. . . but her reason for being in there with the rest of us was even more warped. She had tried to kill herself because one of her children had died. Holy mother of Moses! She had 9 more! Plus she was pregnant with a replacement. I thought I was sick in the noodle! I had nothing on this dizzy dizzard. Christ! She could lose three or four and not even notice!  Why off yourself over one brat.  Plus . . .well

. . . yup . . . this is why she, in my humble opinion, belonged in there.  It wasn’t because she tried to kill herself . . . no way. It was that she tried to kill herself over one child when she had 9 more to still care for.  Plus, if she killed herself, she was killing the brat inside of her.  Not that I cared. One less shit-ass and its dip-spiddled mama. The world wouldn’t lose nothing. Still I was fascinated with her logic . . . or disorder of.

Next!  There was a dude in there I’ll call “blue shirt.”  Because he wore the same blue shirt every day. A bigger pessimist you won’t find on thirty planets! He made Voltaire seem like a jolly optimist. Holy dinosaurs! I figured him for a goner. I’m fairly certain he’s offed himself by now. He could depress Mother Theresa!  Half an hour with him and she’d be putting a pistol to her head. Wow! Cup half empty? No! Hell no! It was completely empty! He wasn’t even a person anymore. He was a walking dead man. I had to tune him out to keep my own dark side from falling into step.

Actually I can’t give this moniker to “blue shirt” because we really did have a walking dead man. I took him for a ghost at first. I thought I was hallucinating.  He was whiter than this sheet of paper. He was white! I mean WHITE! Whiter than an albino! If it’s possible to be whiter than an albino and not be an albino. He was nearly translucent. Pain had drained all the life out of him. Me and him had a good long chat. Something about the obvious death instilled in him attracted me. You always want to talk to death when you get the chance . . . I mean, while you is still alive and kicking. Once you is dead it might not be so fun to have that little chat.

I took advantage of the situation. Plus he was a gentle soul . . . he wasn’t embittered by all he’d suffered. Pain, literal physical pain, had drained all the life out of him . . . sucked his soul dry. He told me he prayed every night to God that he wouldn’t wake up in the morning. He could hardly move and he talked in a whisper.  You had to put your ear real close to him to hear. He’d been in chronic pain for over 30 years!  “How old are you?” I asked. “Sixty,” he replied. “Christ on a crutch!” I hollered. “Yeah, it’s been a living hell.” He whispered. I asked him what he’d done to hurt himself . . . thinking it’d be some sort of construction accident. No!  He’d just woke up one morning with pain all through his body!  Down his back and into both legs!  The doctors had tried all sorts of gigs . . . from surgery after surgery to acupuncture. He was in the ward because he’d finally had enough . . . tried to kill himself . . . morphine overdose. Problem was, he’d been on morphine so long, it took such a huge dose to overcome his tolerance that he couldn’t get there with the stock he had. It just wasn’t enough . . . he came out of the fog still alive.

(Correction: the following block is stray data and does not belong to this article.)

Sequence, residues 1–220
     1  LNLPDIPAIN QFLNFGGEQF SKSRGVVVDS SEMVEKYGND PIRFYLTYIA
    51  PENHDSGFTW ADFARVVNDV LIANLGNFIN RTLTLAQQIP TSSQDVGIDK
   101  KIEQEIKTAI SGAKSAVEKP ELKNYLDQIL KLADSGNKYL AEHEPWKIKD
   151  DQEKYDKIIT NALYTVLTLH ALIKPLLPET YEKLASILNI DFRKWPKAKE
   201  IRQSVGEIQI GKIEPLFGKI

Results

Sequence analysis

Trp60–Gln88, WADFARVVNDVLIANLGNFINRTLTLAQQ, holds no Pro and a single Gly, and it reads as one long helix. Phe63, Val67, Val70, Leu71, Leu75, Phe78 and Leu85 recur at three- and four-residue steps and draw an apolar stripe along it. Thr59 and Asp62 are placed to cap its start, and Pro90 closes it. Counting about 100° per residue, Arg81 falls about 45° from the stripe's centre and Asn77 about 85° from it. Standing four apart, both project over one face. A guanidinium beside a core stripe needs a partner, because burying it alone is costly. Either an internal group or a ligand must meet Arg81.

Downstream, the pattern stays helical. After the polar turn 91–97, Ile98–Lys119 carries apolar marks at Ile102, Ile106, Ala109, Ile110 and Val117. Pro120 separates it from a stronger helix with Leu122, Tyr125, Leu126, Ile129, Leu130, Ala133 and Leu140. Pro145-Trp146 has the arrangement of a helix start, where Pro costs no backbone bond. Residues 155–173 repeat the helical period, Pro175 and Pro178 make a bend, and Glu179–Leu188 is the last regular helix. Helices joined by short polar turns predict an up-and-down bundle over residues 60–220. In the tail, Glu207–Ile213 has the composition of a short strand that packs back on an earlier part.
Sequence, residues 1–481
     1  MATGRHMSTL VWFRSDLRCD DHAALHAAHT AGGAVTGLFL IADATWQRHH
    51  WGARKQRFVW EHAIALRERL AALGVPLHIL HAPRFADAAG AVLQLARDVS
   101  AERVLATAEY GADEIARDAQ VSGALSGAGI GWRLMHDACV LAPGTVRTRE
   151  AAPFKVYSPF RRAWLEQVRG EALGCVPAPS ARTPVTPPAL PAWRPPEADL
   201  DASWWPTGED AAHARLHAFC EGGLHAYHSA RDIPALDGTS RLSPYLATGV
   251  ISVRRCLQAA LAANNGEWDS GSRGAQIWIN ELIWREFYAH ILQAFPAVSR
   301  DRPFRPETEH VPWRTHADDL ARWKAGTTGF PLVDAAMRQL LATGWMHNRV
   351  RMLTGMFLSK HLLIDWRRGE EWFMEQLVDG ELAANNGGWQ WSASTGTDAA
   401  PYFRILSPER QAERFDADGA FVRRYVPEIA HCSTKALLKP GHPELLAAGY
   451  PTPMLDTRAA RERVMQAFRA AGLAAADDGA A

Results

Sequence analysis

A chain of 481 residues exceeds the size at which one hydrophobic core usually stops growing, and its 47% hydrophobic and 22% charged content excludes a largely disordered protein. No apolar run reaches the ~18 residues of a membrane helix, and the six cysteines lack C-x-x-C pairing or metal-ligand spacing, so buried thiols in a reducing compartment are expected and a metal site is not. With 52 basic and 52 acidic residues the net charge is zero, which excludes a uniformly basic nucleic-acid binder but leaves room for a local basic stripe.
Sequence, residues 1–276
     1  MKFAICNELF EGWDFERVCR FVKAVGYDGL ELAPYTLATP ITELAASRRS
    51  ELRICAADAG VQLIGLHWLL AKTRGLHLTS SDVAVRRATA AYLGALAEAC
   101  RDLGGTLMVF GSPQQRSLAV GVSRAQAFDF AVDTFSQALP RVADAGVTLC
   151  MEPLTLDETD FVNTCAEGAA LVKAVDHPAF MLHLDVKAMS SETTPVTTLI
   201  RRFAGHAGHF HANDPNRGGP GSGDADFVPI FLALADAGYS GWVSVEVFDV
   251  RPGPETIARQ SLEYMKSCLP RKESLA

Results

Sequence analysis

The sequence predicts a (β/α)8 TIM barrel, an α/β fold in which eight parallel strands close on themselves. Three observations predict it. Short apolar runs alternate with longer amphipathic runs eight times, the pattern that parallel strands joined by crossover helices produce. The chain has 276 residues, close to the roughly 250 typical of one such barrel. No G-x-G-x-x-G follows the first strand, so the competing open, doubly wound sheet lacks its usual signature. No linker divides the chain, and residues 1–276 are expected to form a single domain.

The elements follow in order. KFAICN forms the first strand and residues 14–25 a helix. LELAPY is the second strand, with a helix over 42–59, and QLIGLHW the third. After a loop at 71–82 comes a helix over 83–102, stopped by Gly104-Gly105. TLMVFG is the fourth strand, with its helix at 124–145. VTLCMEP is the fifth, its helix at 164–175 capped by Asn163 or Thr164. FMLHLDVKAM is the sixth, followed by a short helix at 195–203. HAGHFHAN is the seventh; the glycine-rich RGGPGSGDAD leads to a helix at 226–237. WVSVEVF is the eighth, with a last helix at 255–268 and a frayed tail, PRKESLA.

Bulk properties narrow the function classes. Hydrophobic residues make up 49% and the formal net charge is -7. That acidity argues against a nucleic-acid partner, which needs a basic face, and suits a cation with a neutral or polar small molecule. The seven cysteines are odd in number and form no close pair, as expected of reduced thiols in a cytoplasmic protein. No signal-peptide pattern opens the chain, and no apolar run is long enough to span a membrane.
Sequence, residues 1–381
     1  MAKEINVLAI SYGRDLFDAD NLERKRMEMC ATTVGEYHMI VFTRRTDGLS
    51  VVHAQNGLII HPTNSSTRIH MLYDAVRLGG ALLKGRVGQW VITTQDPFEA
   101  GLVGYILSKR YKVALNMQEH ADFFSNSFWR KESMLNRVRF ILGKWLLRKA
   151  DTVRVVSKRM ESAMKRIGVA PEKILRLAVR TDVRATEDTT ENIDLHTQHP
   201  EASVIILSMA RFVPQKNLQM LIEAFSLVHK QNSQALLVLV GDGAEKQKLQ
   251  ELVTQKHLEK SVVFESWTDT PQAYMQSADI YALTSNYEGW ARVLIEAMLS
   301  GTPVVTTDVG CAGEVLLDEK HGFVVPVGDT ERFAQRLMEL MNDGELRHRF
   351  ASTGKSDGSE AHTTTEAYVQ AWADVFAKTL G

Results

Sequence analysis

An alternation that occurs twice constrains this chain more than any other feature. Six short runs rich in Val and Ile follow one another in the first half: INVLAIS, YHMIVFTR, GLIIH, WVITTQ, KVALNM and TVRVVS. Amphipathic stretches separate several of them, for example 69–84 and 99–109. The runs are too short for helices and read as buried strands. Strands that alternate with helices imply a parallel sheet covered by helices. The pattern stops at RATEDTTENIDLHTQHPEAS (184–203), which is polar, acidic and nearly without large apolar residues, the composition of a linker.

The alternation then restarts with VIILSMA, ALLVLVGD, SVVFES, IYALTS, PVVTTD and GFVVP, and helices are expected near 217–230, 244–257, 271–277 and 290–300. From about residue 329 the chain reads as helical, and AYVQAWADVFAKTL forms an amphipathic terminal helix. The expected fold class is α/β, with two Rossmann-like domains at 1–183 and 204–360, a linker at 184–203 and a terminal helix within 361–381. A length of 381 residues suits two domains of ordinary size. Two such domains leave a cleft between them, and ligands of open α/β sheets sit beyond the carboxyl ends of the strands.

I had to admire him. He’d held out for a long time. I hope he’s got his wish

. . . I hope by now he’s gotten off this shithole . . . with its pain.  He’d been in pain thirty years! My brains would have been all over the wall a long time ago

. . . though I’ve had my share of mental pain for the past thirty years. You find heroes anywhere . . . even in psyche-wards.  I had two now . . . my seemingly cracked counselor and Mr. Pain. I wanted to talk drugs with my ghost. I’m partial to pain killers and I wanted to know what his regimen was. He said, “They started me on codeine fives and now I’m up to straight shots of morphine repeatedly through the day.” My mouth stared to drool. “Sounds like paradise to me!” I told him. “No.” he said, “You get so tired of them . . . they just dull it . . . the pain . . . and make you dumb and sleepy. So you still got the pain, only dulled, and you got a mind that can never really wake up. Year after year that’s fucking tedious.” “Oh . . . I never thought about that.” I said sheepishly.

The rest of the crew there was people just like you, dear beloved reader . . . but with a wire connected wrong . . . a circuit that’d shorted . . . a childhood of abuse and incest . . . a trauma not forgotten or forgiven.  Some had lives that were appalling . . . some were whiney candy-asses . . . some were paranoid . . . some were just fucking weird . . . some were as simple and trusting as children.

What’s more to say? Nothing really. They let me out after a week. I didn’t want to go but I didn’t want to stay. I didn’t want to lose Rick and his crackpot therapy, but I was goddamned tired of the nut-jobs.  Plus . . . I missed Pip . . . my cat . . . my daughter. I missed her something awful. And you know what . . . wanna know the truth . . . want in on a little secret?  I’m as precious as Pip!

Featured Artwork By: Chris Bird